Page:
N. H., Sept. 7, 1798. His father was a farmer. 
He was mainly educated by a private tutor, under 
whose charge he was put at the age of thirteen. 

At the age of nineteen he came to Troy, and en- 
tered the office of the late Dr. Moses Hale. In 
1821 he was admitted to the practice of medicine, 
and became a partner of Dr. Hale ; but not long 
afterward, wishing to perfect himself in his profes- 
sion, he removed to Philadelphia, where he read 
medicine one year under the tuition of Dr. Nathan- 
iel Chapman, and attended the lectures of the Uni- 
versity of Pennsylvania, of which institution he is a 

He returned to Troy in 1822, and applied for the 
appointment of surgeon in the United States army, 
and received the appointment, though there were 
some three hundred applications for the position. 
He was soon ordered to Natchitoches, La., on the 
Red River, about two hundred miles above New 
Orleans, an extreme frontier post. A subsequent 
order changed his destination to Pensacola, Fla., at 
which post there were then stationed some two thou- 
sand men. Here he remained two years as surgeon, 
when he resigned. 

Returning to Troy, he reopened a physician's office, 
and tor a period of nearly fifty years was a practicing 
physician of that city. 

He has been president of the County Medical 
Society. He was many times a delegate to the State 
Society, of which organization he was a permanent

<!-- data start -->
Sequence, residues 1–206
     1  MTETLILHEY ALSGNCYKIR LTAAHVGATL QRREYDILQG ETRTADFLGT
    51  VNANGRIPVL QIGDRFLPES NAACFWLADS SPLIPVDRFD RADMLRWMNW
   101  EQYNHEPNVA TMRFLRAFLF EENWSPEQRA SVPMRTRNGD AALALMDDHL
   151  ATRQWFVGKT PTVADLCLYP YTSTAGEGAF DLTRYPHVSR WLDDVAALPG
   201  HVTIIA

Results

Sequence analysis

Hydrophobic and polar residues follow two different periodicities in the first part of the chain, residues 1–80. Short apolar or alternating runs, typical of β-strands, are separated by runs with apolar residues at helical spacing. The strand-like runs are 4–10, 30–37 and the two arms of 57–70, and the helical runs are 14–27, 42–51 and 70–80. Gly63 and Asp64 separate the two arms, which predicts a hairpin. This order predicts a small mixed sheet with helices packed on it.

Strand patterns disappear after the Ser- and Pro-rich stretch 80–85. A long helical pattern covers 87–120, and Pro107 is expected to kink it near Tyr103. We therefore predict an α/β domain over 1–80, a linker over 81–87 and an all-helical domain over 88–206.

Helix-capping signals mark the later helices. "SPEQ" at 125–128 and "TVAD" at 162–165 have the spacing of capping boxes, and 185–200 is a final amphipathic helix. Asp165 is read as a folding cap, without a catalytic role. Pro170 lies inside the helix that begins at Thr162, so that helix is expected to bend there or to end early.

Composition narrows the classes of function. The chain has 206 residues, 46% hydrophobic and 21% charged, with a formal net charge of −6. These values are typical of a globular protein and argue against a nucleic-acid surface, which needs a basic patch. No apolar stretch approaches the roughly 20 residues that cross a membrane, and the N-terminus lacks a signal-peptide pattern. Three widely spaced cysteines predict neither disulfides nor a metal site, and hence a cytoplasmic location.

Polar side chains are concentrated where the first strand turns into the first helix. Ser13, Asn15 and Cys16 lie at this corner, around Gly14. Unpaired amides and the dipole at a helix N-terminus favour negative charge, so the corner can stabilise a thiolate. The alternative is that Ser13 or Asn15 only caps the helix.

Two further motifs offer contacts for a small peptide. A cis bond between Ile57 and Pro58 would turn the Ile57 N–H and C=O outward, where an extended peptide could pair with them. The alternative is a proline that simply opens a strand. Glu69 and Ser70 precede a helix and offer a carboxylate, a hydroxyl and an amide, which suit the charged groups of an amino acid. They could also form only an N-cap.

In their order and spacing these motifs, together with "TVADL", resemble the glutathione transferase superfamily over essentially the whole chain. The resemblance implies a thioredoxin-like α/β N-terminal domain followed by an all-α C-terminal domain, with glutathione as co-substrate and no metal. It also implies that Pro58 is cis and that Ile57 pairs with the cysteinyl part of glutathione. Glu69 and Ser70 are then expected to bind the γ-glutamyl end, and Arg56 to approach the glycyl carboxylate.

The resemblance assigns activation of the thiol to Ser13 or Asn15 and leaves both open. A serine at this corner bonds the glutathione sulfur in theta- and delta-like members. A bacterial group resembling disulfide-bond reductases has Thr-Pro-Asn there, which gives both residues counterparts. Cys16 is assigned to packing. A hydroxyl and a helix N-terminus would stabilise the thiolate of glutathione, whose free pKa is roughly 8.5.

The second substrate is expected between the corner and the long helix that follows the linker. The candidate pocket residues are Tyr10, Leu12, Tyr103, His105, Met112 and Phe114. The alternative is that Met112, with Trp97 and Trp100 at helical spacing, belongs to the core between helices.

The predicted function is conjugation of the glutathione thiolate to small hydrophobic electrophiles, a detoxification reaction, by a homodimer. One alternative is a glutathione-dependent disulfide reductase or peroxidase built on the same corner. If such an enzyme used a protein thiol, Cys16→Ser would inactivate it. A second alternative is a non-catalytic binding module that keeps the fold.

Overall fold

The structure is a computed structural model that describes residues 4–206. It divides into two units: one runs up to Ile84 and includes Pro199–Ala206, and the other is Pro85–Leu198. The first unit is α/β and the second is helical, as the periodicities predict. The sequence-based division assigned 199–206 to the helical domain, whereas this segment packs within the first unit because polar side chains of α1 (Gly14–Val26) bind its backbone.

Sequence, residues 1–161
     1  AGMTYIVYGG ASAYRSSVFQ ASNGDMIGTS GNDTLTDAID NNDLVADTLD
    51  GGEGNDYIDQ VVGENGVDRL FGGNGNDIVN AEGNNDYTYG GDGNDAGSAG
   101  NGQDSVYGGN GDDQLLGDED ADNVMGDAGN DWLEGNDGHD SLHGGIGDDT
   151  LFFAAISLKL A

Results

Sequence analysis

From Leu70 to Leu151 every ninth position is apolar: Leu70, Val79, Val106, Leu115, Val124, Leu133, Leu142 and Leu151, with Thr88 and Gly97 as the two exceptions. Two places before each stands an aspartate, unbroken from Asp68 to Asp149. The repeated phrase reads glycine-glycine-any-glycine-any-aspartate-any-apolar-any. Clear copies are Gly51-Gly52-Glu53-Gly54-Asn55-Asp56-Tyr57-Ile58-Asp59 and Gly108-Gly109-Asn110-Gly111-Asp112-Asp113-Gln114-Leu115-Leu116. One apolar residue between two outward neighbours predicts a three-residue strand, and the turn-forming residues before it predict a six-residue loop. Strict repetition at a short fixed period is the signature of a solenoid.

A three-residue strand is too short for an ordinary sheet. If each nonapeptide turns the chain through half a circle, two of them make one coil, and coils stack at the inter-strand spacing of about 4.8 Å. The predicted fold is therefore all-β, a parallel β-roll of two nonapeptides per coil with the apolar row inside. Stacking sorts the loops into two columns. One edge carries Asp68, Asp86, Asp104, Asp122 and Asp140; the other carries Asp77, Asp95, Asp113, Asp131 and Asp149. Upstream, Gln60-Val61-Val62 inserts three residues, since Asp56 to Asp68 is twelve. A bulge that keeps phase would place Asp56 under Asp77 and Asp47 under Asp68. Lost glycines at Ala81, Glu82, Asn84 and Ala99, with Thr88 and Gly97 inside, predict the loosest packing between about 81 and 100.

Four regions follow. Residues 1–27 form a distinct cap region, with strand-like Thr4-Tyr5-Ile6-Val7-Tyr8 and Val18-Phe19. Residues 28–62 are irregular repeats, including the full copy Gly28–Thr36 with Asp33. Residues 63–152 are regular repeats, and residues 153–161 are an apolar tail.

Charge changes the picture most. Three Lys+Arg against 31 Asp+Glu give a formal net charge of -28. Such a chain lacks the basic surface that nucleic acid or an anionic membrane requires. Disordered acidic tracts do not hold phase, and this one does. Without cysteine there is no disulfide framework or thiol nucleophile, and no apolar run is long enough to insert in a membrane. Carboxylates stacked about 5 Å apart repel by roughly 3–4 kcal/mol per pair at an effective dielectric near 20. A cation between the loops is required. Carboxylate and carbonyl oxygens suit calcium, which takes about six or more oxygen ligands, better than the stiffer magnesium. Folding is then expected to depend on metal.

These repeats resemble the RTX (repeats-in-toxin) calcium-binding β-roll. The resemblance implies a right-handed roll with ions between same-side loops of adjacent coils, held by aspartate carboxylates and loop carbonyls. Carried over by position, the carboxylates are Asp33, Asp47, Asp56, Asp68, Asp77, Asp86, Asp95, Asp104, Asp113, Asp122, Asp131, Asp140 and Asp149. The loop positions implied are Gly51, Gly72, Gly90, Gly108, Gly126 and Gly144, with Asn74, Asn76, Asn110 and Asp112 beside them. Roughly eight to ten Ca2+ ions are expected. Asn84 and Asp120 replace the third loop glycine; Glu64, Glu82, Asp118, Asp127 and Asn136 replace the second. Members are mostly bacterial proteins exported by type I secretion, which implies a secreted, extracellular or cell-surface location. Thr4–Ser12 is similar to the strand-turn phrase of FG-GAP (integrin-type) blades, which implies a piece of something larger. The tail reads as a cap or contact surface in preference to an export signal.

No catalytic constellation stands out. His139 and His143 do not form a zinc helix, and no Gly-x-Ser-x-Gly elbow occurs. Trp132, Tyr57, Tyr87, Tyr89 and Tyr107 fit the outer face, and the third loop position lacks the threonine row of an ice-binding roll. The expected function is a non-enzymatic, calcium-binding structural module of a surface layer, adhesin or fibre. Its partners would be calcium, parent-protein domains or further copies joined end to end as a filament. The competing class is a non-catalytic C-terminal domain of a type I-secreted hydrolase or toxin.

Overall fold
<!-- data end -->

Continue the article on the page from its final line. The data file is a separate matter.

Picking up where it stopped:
member. In 1838, when Troy had but three super- 
visors, Dr. Wotkyns represented the Second District. 
He was one of the originators of the Marshall In- 
firmary, a governor of the institution from its com- 
mencement, and a member of the medical board. 

When the State Bank went into operation, in 1852, 
Dr. Wotkyns was chosen its president, and continued 
as such until January, 1868. The prosperity of this 
banking institution is well known, and it is conceded 
that its success has been largely due to the striking 
financial abilities and great business sagacity of its 

In 1857-58, Dr. Wotkyns was mayor of Troy. 
It will be recalled as the panic year for the whole 
country. City finances were somewhat embarrassed 
throughout, and the aid Mayor Wotkyns furnished, 
in enabling the city to meet all of its obligations on 
the one hand, and to escape the extortion of money- 
lenders on the other, was very considerable, as well 
as very timely. In the discharge of his official duties